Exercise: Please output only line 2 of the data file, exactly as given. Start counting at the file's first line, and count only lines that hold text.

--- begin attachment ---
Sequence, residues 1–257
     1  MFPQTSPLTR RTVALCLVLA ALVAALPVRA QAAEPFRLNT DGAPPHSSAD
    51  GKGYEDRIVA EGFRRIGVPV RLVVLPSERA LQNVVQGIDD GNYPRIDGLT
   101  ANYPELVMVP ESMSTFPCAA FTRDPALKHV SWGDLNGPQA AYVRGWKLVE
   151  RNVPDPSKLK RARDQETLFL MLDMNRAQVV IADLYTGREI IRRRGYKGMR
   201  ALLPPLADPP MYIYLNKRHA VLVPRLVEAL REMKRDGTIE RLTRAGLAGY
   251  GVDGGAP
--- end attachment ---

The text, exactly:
     1  MFPQTSPLTR RTVALCLVLA ALVAALPVRA QAAEPFRLNT DGAPPHSSAD